Incubating Ideas – WILMA magazine

Women In Tech0001mainThe University of North Carolina Wilmington’s Center for Innovation and Entrepreneurship (CIE) is giving women who are starting or wanting to start a technology business a helping hand.

Through CIE’s new Idea Test Lab, a cohort of 11 women (nine individuals and one team) are learning how to turn their ideas into viable and successful businesses.

The cohort program, funded by Wells Fargo, was created to increase diversity among startup founders, explains CIE’s director HEATHER MCWHORTER. Women are underrepresented, and needed, in technology as well as in leadership positions; and often they don’t receive funding for their businesses, she adds.

“A very small percentage of funding goes to women,” says McWhorter.  “We wanted to create a spark and help women think big from the beginning. We worked backward from there: How can we help women create venture-backable businesses that are scalable and set up the right way from the outset?”

Women In Tech0015Those selected to participate in the Women in Tech cohort (pictured left) met stringent requirements. Their business ideas had to be high-impact — to potentially provide more jobs, drive innovation, and create more capital and economic growth locally and in North Carolina, according to LYDIA BJORKLUND THOMAS, CIE’s program manager. Their companies also had to be in the early stages of development and relevant to the technology sector.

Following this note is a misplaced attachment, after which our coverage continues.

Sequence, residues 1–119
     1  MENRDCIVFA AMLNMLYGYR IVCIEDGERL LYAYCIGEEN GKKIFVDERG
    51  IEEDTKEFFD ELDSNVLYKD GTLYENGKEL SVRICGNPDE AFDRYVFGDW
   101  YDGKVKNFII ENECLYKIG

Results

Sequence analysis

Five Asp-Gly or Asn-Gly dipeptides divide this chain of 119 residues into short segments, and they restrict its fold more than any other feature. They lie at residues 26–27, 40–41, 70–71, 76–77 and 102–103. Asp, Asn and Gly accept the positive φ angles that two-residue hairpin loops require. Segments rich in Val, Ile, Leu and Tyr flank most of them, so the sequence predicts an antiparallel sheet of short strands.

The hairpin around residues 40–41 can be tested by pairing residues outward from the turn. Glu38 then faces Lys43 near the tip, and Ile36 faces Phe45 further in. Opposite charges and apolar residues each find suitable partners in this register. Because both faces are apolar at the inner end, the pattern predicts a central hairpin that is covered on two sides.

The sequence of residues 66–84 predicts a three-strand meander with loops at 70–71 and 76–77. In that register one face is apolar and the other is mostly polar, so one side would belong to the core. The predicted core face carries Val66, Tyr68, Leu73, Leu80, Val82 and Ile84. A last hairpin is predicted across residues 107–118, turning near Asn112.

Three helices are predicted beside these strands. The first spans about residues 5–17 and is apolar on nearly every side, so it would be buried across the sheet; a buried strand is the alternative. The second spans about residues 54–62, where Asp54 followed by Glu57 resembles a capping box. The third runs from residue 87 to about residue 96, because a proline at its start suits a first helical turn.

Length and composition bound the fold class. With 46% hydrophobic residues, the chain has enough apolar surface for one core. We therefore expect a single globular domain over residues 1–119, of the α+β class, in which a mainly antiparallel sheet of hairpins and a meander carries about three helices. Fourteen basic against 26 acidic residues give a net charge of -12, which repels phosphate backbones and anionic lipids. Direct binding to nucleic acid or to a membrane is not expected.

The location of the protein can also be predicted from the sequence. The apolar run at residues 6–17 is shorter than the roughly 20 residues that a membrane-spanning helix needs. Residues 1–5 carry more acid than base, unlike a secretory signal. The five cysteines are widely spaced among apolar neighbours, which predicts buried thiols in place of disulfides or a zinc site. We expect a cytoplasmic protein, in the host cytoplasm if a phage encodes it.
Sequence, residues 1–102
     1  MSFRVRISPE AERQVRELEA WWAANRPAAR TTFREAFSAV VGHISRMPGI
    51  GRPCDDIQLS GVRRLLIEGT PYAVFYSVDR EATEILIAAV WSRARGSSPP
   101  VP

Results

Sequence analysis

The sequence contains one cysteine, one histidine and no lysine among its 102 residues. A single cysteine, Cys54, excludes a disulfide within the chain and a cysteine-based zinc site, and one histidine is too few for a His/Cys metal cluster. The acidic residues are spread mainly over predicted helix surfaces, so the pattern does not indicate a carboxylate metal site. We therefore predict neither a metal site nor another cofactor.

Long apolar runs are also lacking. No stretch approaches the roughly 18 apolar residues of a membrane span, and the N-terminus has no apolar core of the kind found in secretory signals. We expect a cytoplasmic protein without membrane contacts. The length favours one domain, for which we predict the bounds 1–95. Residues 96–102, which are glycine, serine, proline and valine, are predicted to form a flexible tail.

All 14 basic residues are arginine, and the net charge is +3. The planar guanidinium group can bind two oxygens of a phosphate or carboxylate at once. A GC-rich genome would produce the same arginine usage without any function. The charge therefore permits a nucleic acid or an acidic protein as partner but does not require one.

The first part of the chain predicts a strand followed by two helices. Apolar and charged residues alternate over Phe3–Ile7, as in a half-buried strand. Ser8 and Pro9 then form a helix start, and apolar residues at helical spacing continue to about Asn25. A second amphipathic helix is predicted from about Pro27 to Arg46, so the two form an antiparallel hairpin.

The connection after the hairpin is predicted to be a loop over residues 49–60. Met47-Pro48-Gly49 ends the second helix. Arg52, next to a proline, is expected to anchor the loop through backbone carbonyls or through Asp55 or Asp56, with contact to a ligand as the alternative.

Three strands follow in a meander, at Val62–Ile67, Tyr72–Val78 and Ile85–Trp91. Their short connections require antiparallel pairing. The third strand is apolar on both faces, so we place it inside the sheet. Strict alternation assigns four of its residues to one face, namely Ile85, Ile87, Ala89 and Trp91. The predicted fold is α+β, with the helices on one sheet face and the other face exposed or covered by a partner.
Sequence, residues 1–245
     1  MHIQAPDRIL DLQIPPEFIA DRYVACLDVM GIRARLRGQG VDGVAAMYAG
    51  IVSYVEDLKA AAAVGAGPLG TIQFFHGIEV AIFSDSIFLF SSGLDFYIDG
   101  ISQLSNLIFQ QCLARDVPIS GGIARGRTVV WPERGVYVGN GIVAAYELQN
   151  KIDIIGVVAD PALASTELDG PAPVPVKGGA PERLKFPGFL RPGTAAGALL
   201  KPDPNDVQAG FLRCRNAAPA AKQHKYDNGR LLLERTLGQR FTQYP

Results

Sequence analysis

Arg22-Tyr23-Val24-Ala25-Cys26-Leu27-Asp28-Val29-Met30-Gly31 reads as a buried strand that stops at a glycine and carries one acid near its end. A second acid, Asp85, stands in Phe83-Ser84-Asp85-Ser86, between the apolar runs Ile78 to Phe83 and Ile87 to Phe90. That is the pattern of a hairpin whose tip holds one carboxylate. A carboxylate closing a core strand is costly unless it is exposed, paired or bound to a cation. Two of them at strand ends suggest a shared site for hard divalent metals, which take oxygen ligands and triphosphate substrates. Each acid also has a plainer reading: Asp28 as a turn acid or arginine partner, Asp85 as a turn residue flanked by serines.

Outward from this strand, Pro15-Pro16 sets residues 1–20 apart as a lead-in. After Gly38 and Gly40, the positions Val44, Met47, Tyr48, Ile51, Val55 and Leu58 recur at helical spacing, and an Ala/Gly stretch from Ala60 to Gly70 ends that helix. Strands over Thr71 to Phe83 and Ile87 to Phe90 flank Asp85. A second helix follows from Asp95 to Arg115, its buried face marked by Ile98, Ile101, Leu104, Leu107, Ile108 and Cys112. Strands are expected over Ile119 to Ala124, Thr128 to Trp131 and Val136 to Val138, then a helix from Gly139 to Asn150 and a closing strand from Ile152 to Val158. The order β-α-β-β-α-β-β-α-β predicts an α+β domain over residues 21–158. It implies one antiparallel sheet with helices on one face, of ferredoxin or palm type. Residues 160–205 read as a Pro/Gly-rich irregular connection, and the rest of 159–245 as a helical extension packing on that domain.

The women are now in the midst of an intense four-week course of instruction, during which they define their business’s value proposition, identify its customers, explore effective marketing strategies, and discover possible revenue sources.

“They are learning what works and what won’t and if they have a viable business model,” says McWhorter. “Some of the women have already gone in a different direction. They pivoted when they realized their original path would not be scalable. It’s better to do that early so you can get to success faster.”

An equally important aspect of the cohort are the relationships the women form. Throughout the program, the women receive guidance from mentors selected to help them with specific aspects of their businesses.

Women In Tech0008Then, there’s the support they give each other. As the cohort members are at the same stage of business development, they encounter the same types of issues, learn from each others’ experiences, and share challenges. They also provide an understanding ear when needed.

“Being an entrepreneur is so lonely, so having women who support you and with whom you can carry on a relationship after the cohort is so beneficial,” says Thomas. “They often still chat with and have a relationship with each other for years out.”

The program culminates April 8 with Women in Tech Pitch Day, where the women present their business ideas to a panel of judges, potential mentors and investors, and the public.  The top three winners will receive $5,000, $3,000, and $2,000, respectively, to invest in their businesses.

McWhorter and Thomas say they hope the Women in Tech’s impact will extend far beyond these 11 women and their businesses.

“We hope to create a pipeline to other programs they can keep going as a company and that they have the resources and broad support system they need to succeed and grow, ” says Thomas.

To view more of photographer Terah Hoobler’s work, go to terahhoobler.com.

Want more WILMA? Click here to sign up for our WILMA newsletters and announcements.